A man crosses the Central Intelligence Agency (CIA) logo in the lobby of CIA Headquarters in Langley, Virginia, on August 14, 2008.
SAUL LOEB—AFP/Getty Images
By Sarah Begley
January 18, 2017

The CIA has made more than 12 million declassified pages from 930,000 documents available on the Internet for the first time.

The documents in question were part of Bill Clinton’s 1995 plan to declassify documents “of historical value” that were more than 25 years old; the archives of the documents were not made searchable until 2000, and they could only be accessed from four computers at the U.S. National Archives in College Park, Md., The Verge reports. Researchers and journalists had objected to the lack of access to the database, the CIA Records Search Tool (CREST).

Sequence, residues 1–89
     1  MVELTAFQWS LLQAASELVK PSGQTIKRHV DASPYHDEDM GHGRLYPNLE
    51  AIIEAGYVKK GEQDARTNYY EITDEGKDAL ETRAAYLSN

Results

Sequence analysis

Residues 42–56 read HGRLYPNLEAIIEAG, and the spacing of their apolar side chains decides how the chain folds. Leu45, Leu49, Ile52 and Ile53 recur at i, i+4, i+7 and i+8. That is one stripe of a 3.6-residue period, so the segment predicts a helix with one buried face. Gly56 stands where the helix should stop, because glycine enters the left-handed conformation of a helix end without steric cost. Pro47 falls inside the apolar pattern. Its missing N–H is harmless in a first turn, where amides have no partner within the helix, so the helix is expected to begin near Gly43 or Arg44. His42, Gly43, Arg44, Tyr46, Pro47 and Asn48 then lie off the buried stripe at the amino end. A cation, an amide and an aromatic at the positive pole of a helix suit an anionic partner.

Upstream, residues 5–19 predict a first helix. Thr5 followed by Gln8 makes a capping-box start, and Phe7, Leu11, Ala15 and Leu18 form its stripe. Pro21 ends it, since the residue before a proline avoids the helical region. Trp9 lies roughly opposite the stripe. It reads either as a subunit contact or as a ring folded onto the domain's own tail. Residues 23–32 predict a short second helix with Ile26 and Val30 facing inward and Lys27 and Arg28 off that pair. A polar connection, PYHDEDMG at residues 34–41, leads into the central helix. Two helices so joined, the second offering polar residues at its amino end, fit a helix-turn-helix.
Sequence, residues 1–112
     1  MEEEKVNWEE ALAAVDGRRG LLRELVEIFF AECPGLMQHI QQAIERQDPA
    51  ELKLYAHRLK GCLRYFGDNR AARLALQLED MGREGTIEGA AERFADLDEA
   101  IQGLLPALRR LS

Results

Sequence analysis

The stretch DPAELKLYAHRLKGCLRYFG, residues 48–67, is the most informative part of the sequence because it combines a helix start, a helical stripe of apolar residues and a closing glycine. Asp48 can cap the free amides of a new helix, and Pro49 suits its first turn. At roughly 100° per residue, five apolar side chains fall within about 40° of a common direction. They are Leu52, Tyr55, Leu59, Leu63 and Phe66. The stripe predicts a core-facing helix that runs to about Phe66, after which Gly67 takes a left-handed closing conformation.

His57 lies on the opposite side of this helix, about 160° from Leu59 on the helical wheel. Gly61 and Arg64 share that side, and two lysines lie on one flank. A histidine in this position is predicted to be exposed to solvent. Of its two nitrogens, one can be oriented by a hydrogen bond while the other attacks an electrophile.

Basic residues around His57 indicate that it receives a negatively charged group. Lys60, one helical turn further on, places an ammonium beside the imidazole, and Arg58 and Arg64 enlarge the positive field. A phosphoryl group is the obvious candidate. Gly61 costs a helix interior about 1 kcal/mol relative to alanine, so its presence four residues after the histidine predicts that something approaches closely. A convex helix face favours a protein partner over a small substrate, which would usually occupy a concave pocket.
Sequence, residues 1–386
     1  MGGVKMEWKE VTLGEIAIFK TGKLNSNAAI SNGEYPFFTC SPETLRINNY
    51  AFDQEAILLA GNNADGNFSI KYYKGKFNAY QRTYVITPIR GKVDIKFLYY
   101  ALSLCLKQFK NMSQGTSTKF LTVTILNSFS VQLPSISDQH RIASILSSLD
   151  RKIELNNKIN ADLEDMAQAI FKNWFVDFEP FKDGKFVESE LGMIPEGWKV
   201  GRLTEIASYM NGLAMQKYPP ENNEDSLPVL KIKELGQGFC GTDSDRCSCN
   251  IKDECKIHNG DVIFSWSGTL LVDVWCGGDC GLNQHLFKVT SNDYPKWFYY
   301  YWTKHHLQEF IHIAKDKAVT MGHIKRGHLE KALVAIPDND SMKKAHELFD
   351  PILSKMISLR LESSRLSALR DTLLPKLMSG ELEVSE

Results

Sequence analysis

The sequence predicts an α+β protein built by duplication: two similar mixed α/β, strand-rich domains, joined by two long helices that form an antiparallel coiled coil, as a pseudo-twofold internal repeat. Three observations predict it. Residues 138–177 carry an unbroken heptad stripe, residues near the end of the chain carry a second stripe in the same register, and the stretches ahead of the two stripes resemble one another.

“Access to this historically significant collection is no longer limited by geography,” CIA Director of Information Management Joseph Lambert wrote in a press release. “The American public can access these documents from the comfort of their homes,”

Interested readers can find files pertaining to everything from the Cuban Missile Crisis to Project MKUltra, an experiment in mind control.

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